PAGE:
I have a presentation in Keynote that has some audio files interleaved with the slides. In composition mode, the audio icon is viewable, no doubt to allow me to click on the item and be able to manipulate it as necessary, but in presentation mode, it disappears.

Is there a built in way to display some sort of icon where the audio file is, and illuminate it whenever the particular sample is playing? There are sometimes multiple files per slide.

I know that I can always put an icon of my own on top of it, and change it when the sample is playing, and change it back automatically whenever it's completed with transitions, but I can't figure out if there's a built in way to handle this already.

  • Just out of interest, per design the support files are hidden in presentation mode on purpose! so why would one want the see the clutter in the presentation mode ? – Ruskes Jun 23 '13 at 6:15
  • I have slides with multiple audio files next to bullets/line items corresponding to the audio being played. I want an indicator to show up next to the bullet while it's being played. I agree that icons shouldn't be omni-present, but while something is happening is a good visual cue for my own sake. – Jason Salaz Jun 24 '13 at 5:21

Here are 2 possible solutions:

Make the placed audio icon larger then std (53x53 pixel), then move your mouse into that larger region while in presentation playback mode. (The controller is not visible while editing your presentation.)

As with the standard-sized icon, though, this icon will not appear in presentation mode.

To access the audio playback controls while in presentation mode, just move your mouse into the region of the large icon (up to 400 pixel), and the controller will appear.

NOTE: it will require mouse controls during presentation so I prefer the second solution.

Second solution: There is a possible way, and I think it is the ultimate way to do it:

I would create a video template with something like spinning wheel.

Then I would add your music to the video, and repeat that as many times as you like saving the video each time.

Now you will be inserting video files that are actually meant only to play sounds while showing a little inconspicuous rotating wheel for your information when that file is running.

I would recommend to leave the first and the last video frames empty so the do not show when sound is not playing

Since it is really not a video you are watching you can size it to what ever size you want.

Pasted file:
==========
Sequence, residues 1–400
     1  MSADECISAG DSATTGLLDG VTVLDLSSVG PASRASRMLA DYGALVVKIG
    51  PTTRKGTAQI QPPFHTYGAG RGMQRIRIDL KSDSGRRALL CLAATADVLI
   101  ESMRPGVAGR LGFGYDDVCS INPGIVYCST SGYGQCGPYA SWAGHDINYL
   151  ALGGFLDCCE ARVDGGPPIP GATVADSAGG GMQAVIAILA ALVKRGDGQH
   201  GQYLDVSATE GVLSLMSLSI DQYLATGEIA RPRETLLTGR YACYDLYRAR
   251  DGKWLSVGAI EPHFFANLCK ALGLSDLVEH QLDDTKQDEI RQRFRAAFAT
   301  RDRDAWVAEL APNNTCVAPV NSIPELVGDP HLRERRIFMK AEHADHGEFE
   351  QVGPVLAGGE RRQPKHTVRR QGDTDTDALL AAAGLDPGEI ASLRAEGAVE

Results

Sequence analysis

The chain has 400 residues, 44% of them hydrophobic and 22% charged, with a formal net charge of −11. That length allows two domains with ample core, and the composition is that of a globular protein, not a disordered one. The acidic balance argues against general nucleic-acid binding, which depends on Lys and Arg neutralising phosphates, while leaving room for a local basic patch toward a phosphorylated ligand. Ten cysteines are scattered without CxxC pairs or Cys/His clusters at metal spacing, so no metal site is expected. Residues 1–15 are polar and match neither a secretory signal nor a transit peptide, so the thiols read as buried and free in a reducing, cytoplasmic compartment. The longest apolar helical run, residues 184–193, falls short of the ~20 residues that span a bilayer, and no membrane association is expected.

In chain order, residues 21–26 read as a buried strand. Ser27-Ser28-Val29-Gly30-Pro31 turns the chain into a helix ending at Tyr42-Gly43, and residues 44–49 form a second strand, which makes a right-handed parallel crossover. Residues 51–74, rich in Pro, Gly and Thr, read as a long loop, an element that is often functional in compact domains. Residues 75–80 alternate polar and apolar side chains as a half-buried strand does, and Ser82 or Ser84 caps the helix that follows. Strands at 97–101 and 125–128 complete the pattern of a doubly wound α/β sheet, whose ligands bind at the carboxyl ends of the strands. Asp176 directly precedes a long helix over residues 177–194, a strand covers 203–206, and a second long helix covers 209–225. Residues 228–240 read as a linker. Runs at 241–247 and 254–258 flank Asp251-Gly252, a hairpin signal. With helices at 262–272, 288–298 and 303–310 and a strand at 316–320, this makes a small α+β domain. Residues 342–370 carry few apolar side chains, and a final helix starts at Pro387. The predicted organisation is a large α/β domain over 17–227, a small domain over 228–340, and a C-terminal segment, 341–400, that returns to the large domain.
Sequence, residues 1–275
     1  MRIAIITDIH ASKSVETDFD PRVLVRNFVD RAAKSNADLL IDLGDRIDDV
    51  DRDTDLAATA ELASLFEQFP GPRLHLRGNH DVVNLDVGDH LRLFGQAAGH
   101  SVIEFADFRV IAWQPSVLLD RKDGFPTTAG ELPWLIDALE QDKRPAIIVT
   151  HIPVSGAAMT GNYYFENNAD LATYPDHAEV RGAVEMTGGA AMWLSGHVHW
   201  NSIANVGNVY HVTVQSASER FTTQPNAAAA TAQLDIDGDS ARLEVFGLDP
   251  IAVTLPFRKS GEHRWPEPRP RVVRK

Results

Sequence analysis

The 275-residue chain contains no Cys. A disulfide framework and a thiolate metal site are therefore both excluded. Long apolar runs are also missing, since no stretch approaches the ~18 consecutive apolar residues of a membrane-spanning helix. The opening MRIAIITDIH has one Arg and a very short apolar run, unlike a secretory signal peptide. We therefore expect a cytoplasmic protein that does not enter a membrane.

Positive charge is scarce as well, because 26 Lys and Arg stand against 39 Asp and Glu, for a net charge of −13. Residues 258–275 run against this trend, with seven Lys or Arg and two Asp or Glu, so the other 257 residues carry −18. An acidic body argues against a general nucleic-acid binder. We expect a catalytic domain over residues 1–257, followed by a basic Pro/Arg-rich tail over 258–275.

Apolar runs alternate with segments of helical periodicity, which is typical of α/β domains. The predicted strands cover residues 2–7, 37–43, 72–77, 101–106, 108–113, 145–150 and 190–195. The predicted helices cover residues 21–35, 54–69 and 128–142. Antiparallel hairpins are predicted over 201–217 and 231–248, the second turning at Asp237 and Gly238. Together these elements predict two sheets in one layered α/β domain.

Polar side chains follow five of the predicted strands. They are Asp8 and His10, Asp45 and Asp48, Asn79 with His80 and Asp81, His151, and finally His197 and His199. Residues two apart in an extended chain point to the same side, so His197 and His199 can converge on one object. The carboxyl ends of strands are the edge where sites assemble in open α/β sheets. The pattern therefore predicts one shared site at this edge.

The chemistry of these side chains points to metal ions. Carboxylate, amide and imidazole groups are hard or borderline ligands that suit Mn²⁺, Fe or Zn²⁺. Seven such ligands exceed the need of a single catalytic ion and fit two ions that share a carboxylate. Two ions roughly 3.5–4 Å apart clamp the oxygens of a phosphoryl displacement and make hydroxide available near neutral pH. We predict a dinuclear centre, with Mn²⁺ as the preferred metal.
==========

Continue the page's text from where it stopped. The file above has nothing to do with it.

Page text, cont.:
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  • Interesting. Yes, I see the media widget during that time, but I won't necessarily be behind my computer/have mouse control during the presentation. – Jason Salaz Jun 24 '13 at 5:24
  • @JasonSalaz you missing the second option/solution, using video to play music, you do not have to use mouse to control it. Video can as small as you bullet in the presentation. – Ruskes Jun 26 '13 at 3:11
  • Indeed I was responding to the content you had before you edited your message. – Jason Salaz Jun 26 '13 at 17:42

Another option is to convert the audio file to video with a waveform (for some reason, video files show a control but audio files don't).

Install ffmpeg and run this in the command line:

ffmpeg -y -i "/choose/your/folder/input.mp3" -filter_complex \
"[0:a]showwaves=s=150x100:scale=lin:mode=cline:colors=white:rate=25,format=yuv420p[v]" \
-map "[v]" -map 0:a "/choose/your/folder/output.mp4"

Note: You can change 150x100 to 1500x1000 for example, if you want a higher resolution.

It will end up looking like this:

enter image description here

You'll be able to toggle pause/play once the video has started playing.

If you have more than one video, you won't be able to click-start at random. Clicking will follow the order you specified in the Build Order (animations) panel.

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  • 1
    ffmpeg has waveform generation built-in? Geez, of course it does, that’s fantastic! – Jason Salaz May 26 at 16:41

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